higher ed

High School Classes in Creationism Don’t Qualify for College Credit, Because They Are Make Believe

Does a Christian high school teach German or algebra any different than a non-religious school? Probably not. 2+2=4 whether Jesus is hanging on a cross on the wall or not. But a Christian high school might teach biology differently, because teachers will explain the reason humans walk upright on two feet is because God wanted it that way, not because of a little thing called evolution. Which is why the University of California didn’t want to give students credit for these fictional classes, and considered some of these students ineligible to apply. And the Ninth Circuit federal appeals court just agreed.

The suit, which started in 2005, is either finally dead, or headed to the Supreme Court.

The 9th Circuit rejected a challenge to the University of California’s admission policy, brought by Christian schools and students who said the university discriminates by refusing to approve certain high-school religious and ethics courses.

“As a university, one of UC’s ‘essential freedoms’ is to ‘determine for itself on academic grounds … who may be admitted to study,'” the court wrote, quoting a 1957 Supreme Court decision. “UC exercises that freedom by reviewing high school courses to ensure that they adequately prepare incoming students for the rigors of academic study at UC.”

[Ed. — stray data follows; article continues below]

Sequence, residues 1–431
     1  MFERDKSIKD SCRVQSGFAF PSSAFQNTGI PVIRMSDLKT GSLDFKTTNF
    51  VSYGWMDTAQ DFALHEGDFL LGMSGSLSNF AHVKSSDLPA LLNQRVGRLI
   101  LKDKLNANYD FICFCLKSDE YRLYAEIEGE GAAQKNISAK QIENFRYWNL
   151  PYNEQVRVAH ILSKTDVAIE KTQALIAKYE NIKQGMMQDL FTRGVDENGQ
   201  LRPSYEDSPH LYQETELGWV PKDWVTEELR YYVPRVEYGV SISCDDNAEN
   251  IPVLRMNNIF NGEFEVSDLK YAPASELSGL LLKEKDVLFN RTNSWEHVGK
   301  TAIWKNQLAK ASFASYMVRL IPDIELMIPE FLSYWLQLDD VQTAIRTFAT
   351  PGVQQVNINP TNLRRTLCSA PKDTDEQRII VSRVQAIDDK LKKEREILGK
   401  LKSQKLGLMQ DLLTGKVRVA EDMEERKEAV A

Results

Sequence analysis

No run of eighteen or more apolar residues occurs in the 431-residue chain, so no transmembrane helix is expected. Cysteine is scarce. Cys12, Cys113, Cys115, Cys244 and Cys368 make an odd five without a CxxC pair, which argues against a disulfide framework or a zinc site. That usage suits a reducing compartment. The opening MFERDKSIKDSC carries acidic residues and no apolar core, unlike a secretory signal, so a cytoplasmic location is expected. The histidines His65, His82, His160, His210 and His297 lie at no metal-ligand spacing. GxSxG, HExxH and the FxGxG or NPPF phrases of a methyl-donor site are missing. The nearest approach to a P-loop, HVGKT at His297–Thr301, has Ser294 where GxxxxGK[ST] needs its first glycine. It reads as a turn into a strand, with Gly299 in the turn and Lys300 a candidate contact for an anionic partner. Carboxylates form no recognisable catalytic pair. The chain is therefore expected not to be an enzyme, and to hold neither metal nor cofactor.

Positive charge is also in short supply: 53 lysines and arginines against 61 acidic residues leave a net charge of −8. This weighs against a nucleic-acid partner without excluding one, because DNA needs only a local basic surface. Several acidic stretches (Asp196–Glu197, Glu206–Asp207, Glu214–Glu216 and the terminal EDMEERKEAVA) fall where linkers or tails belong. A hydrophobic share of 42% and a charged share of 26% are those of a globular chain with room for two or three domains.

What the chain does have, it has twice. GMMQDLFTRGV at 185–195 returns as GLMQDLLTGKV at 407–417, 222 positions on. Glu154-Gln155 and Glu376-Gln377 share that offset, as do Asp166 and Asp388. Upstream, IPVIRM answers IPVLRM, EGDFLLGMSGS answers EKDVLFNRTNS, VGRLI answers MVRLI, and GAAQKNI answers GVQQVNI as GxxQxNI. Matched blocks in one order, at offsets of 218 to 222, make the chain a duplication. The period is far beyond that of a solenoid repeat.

The Association of Christian Schools International, Calvary Chapel Christian School and five of its students appealed a district court ruling that UC’s admission policy is constitutional.

The schools claimed that UC rejects courses taken at Christian high schools because those courses allegedly “add a religious viewpoint.” UC’s policy is to approve only courses that “treat the study of religion or ethics from a standpoint of scholarly inquiry, rather than in a manner limited to one denomination or viewpoint.”

The 9th Circuit said the schools and students offered no evidence to back up their claim that the policy leads to the suppression of speech.

“Nor can they,” the Pasadena-based appellate panel ruled. “It is undisputed that UC’s policy does not prohibit or otherwise prevent high schools, including Calvary, from teaching whatever and however they choose or students from taking any course they wish.”

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